If you think a front loader won't work for you, you might be surprised.
We’ve been putting washing machines through the wringer since the 1960s and in that time, a pattern has emerged – front loaders perform better.
Our tests prove top loaders are tougher on fabrics, take up more space, guzzle water, and don’t remove dirt that well.
Of course, clean laundry isn’t the only key to long-term happiness with your washing machine. You’ll also be hoping for years of hassle-free operation. Our latest reliability and owner satisfaction survey, which included 1052 top loaders and 1637 front loaders, showed both types were equally reliable (88% and 89%, respectively, bought new in the past five years didn’t have a fault). However, there was a marked difference in satisfaction, with front loader owners significantly happier with their purchase (81% were very satisfied versus 73% of top loader owners).
Why then, when it’s clear front loaders are better, do we still recommend the occasional top loader? Because, for some people, a front loader simply isn’t the right choice and, at Consumer, we’re all about helping you identify the product that best suits your circumstances. But if you’ve always assumed a front loader wouldn’t work for you, you might be surprised. Here, we dispel some misconceptions about both types.
If you have jumbo-sized piles of laundry, don’t assume your only option is a top loader. The largest domestic-purpose washing machines are 16kg front loaders. The biggest top loaders, meanwhile, are 13kg.
If space is tight (less than 65cm, which is the minimum needed for a standard 60cm-wide machine with a few centimetres’ wiggle room), you’ll have no choice but a top loader. It’s slim pickings though, as most top loaders are at least as wide as the average front loader. They’re also generally deeper and always taller. A front loader is best for using space efficiently as it can double as a benchtop or allow a dryer to be conveniently mounted above.
Front loaders generally take longer, but their cycles are often not as long as stated in the manual (when the load’s small, the programme usually gets shorter automatically). For example, the manual for one 8.5kg front loader said it would take about 278 minutes to complete a “Cotton, Cold, 1400rpm, option+, 3:20 to go” cycle, but our 3.5kg test load took less than half that. Most manmade fabrics are not as robust as cotton so a typical “mixed” cycle is even faster, but if you’re in a hurry, use the “quick” setting. Or, you could delay the start and let the machine do its thing while you’re out, then hang your laundry out later.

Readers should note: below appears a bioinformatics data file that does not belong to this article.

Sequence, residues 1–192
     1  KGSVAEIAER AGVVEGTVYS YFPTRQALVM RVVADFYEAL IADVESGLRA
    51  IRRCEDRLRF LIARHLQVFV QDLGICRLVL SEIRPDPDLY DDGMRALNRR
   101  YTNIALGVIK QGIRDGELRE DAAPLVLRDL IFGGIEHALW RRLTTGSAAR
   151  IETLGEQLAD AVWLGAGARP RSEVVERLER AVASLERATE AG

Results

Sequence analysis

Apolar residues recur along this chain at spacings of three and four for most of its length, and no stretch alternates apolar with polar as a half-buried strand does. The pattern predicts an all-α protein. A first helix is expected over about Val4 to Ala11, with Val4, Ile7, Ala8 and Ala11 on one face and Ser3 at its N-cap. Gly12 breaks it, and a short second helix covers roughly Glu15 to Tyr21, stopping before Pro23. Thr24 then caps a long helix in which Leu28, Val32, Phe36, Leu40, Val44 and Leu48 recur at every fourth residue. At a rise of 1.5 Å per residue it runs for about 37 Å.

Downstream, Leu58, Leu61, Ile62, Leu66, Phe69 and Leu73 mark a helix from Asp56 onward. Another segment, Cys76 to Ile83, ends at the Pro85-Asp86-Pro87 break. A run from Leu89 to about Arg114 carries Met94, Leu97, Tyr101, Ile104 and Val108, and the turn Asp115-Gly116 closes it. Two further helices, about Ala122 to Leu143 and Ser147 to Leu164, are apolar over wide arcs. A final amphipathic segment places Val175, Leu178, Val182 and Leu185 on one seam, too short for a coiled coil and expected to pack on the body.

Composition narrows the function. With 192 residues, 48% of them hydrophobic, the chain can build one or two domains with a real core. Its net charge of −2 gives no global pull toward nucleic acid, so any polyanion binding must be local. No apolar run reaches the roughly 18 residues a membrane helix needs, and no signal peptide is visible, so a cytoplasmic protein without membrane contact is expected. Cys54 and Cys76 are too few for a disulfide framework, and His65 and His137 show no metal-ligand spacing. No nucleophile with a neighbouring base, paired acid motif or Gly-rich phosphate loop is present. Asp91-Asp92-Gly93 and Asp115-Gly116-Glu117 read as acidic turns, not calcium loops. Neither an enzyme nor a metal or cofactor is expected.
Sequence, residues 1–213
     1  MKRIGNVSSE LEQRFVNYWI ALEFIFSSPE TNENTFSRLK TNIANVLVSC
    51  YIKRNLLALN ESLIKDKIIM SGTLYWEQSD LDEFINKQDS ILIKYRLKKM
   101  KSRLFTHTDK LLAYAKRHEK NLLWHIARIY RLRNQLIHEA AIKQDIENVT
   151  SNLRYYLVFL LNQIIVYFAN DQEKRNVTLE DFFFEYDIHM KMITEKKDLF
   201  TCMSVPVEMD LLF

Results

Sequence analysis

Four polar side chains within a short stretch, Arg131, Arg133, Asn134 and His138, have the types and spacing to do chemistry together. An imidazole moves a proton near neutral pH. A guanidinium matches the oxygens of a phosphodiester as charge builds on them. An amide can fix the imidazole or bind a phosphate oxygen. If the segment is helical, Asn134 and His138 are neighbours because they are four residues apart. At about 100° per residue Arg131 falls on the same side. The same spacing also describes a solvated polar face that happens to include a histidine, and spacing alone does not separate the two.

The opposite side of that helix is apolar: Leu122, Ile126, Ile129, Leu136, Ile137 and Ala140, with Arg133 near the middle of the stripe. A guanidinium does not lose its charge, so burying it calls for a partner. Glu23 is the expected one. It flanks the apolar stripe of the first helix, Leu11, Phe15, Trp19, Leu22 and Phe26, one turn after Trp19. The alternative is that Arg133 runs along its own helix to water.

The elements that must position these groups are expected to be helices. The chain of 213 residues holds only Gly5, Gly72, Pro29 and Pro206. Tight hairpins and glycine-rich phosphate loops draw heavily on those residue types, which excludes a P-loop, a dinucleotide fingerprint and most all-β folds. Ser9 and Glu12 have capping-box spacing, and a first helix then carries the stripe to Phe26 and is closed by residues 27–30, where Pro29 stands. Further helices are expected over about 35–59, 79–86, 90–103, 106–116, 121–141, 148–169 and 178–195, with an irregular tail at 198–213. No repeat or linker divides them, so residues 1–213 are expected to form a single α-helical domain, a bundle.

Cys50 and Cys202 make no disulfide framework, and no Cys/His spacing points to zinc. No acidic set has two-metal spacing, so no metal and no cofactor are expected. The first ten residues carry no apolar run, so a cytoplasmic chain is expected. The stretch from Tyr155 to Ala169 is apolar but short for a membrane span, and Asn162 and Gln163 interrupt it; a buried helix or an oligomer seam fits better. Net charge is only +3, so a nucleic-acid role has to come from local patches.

Contrary to expectations, not all top loaders are cheap as chips and not all front loaders will burn a hole in your pocket.
In our reliability survey, the average top loader bought in the past five years was cheaper than the average front loader. That said, a third of top loaders cost more than $1000, whereas a third of front loaders came in under $1000.
The rubber seal of a front loader’s door can get mouldy. But you change the oil in your car, remove lint from the tumble dryer … so it shouldn't be a hassle to run a maintenance cycle and wipe down the rubber door seal. And it’s not just front loaders that require maintenance washes. Scrud (the waxy build-up that occurs when fabric softener comes into contact with detergent) can affect front and top loaders. Some machines have cleaning cycles, or else you could run a long, high-temperature cycle without detergent and clothes.
“You can’t add anything to a front loader” is a common complaint, but that was then. These days, several manufacturers make front loaders with an “add item” hatch. As for people with mobility issues, it’s true they may find a top loader easier to access, but a pedestal can raise a front loader by between 30cm and 67cm, making the drum more accessible. Also, pedestals usually include a drawer, which is handy as you may no longer be able to use the top of the machine as a work or storage surface.
Our annual running cost figures assume one “normal” wash cycle a day, at 26¢ per kilowatt hour. This makes front loaders seem power-hungry, but the difference between top and front loader running costs for a “normal” cycle are negligible. In our tests, a 7.5kg Electrolux front loader used $10 a year in electricity, whereas a 7.5kg Samsung top loader burned through $6 in electricity.
When it comes to being water-wise, though, front loaders can’t be beat. At the time of writing, the least water-efficient front loader in our database, a 7.5kg Samsung, scored 73% for water efficiency. That’s a lot better than the most water-efficient top loader tested, a 7kg Haier, with just 64%.